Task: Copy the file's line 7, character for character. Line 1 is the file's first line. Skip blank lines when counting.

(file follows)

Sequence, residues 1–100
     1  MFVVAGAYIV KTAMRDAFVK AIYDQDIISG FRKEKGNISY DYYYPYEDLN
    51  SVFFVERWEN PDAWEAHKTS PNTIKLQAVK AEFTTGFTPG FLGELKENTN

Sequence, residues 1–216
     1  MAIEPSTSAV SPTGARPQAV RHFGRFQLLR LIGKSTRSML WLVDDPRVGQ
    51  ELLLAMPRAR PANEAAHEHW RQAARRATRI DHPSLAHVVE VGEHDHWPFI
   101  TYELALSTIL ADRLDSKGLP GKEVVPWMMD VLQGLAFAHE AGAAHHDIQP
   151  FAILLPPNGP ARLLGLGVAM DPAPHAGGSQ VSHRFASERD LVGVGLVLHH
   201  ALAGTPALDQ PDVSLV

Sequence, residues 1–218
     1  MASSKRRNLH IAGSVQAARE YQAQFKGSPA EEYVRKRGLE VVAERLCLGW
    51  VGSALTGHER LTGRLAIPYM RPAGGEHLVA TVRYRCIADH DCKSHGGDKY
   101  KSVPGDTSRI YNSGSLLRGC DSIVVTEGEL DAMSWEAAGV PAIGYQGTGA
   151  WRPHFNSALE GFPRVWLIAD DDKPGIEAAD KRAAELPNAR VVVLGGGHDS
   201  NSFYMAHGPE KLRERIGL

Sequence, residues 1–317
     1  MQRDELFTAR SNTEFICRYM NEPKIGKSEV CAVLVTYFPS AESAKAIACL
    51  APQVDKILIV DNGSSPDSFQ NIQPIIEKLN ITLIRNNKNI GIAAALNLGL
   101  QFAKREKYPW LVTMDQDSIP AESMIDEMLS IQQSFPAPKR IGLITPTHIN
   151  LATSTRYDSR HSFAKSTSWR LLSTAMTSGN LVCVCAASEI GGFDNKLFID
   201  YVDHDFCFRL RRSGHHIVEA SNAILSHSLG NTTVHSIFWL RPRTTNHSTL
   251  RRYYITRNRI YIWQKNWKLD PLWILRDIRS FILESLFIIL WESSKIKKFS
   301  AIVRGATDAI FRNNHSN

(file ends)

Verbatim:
   101  TYELALSTIL ADRLDSKGLP GKEVVPWMMD VLQGLAFAHE AGAAHHDIQP